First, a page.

Thierry Henry said it was fate.
It certainly sounded like a fairytale – the 41-year-old was heading back to where he started out as a player, to rescue a club in crisis.
Monaco announced his return on social media by posting an archive picture of their former teenage striker, his trademark grin beaming out beneath a long since discarded fluffy moustache.
A quarter of a century had passed, and the years had been kind to him. A mercurial player, an eloquent pundit, the smart money was on Henry enjoying more success from the dugout.
No-one expected it to be easy, of course. When replacing Leonardo Jardim on 13 October he inherited a team that had won just once in 10 games.
But surely almost nobody would have thought things would turn quite this sour, quite so quickly.
Speaking on BBC Radio 5 live’s Football Daily, French journalist Julien Laurens and BBC Sport columnist Guillem Balague discuss the crisis facing former Arsenal striker Henry in his first job in management.
‘An absolute nightmare’
“It’s just a mess, chaos. I do feel for Thierry because I don’t think he realised how bad everything was already,” Laurens said.
“And I’m not sure he has the tools to rescue a team that has won just one game all season, back on 11 August.
“I think he could be a good manager but right now, in a situation of crisis, I am struggling to see how he can do better, because the team is destroyed.
“It looked like a fairytale but it’s turning in to an absolute nightmare.”
Under Henry, Monaco have lost two and drawn three in all competitions. They are second bottom in Ligue 1 and next up are champions Paris St-Germain, who have won 12 from 12.
For PSG, Kylian Mbappe has scored 11 in his eight games and is building an irresistible partnership with the world’s most expensive player Neymar.
Meanwhile, on Tuesday, his former club Monaco were beaten 4-0 at home by Club Brugge as they crashed out of the Champions League with their heaviest defeat in the competition. Two years ago Mbappe had fired them to the semi-finals.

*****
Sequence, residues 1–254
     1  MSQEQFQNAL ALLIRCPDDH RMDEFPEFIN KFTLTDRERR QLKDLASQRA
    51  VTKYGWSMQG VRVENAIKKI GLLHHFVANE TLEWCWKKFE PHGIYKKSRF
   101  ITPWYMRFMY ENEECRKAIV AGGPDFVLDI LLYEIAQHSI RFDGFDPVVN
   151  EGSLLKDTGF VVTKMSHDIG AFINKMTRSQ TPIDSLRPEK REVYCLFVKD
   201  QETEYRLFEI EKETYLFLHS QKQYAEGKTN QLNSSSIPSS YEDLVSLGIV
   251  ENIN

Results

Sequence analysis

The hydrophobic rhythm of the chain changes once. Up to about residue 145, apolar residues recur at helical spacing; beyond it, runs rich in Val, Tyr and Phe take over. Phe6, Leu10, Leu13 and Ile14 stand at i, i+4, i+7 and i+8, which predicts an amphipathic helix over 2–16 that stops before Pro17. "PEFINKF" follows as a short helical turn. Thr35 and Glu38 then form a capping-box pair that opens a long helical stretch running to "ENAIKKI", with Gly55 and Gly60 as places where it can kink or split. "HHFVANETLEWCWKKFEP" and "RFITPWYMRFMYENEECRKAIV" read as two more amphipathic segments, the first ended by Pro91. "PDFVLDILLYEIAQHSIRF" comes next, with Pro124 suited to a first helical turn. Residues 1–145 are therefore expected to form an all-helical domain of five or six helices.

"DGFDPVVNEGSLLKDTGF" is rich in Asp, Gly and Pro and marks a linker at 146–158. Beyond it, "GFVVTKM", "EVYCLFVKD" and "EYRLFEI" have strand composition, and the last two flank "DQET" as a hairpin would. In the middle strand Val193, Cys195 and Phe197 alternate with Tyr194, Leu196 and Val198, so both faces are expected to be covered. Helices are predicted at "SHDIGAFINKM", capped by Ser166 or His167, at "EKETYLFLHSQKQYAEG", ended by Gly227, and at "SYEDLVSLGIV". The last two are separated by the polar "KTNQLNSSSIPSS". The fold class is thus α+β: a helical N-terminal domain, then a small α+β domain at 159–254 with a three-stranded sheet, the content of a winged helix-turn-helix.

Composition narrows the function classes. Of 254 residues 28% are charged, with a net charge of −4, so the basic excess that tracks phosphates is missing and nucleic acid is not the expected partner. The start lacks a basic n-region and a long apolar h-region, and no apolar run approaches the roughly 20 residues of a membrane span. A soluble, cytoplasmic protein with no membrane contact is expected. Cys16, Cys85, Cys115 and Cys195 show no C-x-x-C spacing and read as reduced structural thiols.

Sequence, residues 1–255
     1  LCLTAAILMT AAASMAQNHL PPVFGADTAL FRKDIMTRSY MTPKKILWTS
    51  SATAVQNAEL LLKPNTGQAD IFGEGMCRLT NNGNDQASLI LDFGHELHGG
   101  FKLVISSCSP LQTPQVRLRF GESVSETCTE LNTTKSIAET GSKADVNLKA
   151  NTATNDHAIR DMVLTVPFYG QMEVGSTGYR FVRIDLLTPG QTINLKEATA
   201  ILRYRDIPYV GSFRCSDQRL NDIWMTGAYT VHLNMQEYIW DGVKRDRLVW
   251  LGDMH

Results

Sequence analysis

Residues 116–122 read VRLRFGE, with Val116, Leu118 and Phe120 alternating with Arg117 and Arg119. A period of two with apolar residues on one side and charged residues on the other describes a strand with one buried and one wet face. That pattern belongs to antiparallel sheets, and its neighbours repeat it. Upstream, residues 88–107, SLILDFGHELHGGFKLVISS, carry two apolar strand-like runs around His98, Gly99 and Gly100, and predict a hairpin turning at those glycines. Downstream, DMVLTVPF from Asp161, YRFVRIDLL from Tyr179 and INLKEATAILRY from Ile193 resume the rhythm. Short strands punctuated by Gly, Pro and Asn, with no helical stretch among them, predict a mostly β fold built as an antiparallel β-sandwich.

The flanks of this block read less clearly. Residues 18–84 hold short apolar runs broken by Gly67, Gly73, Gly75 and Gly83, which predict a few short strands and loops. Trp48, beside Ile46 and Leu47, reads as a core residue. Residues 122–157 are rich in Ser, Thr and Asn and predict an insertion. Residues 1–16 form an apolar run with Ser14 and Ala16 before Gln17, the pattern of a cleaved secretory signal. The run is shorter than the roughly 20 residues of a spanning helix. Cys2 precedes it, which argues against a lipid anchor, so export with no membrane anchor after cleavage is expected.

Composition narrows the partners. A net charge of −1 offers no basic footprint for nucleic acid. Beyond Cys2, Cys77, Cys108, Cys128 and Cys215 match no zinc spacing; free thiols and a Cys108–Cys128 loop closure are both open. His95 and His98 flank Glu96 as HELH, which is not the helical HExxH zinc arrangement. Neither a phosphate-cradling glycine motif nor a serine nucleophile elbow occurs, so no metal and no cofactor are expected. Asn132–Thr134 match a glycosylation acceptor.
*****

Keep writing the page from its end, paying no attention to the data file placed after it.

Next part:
“Henry has said maybe it’s even better to be out of all European competition so they can focus on the essential, which is staying up,” Laurens added.
“Because right now they look like one of the worst teams in the French league. Tactically Henry seems lost, he keeps tweaking the formation and the players, putting more and more young players on the pitch, who are not suited for this situation.
“And if they need new players in January, who would want to go to a club that is second bottom in the table?
“One of the question marks we had was how will he deal with problems with adversity, and right now it looks like he is struggling.
“You wonder if he is still in the mode of being a player and not a manager.”
A crisis deepens off the pitch
Speaking after Tuesday’s defeat, Henry himself said: “Right now I’m telling myself the worst is possible.”
He may well have been right to do so. Defeat by Brugge was a result that left his team without a win in 15 games, defender Kamil Glik’s injury had added to an already long list of absent senior players, but still there was worse to come.
Because the crisis at Monaco looks to be running even deeper off the pitch.
On Monday, the club moved to deny allegations they had cheated Financial Fair Play rules, following claims made in Der Spiegel’s reporting of leaked documents it says it acquired from whistleblowers.
On Wednesday, the German news magazine also alleged Monaco’s owner Dmitry Rybolovlev, a Russian billionaire, personally profited 124m euros (£108m) from the 180m euro (£156m) sale of Mbappe to PSG – which the club also denied.
Later that day, Rybolovlev was placed under investigation by Monaco police on separate allegations, relating to a major fraud case.
“You need different types of coaches in these situations,” Balague said.
“Someone who perhaps has lived through a crisis at a different club and knows how to hold on to what is important here.
“But also a really important point is that the board should be helping too. The first thing they have to do is change the targets for Henry, change the expectations for the season ahead.
“Someone should come out and say: ‘OK let’s just try to save the season, and then let’s rebuild’.
“If they do go down this season, and let’s not forget they were relegated as recently as 2011, it will be very hard for Henry to overcome that damage to his reputation as a winner.”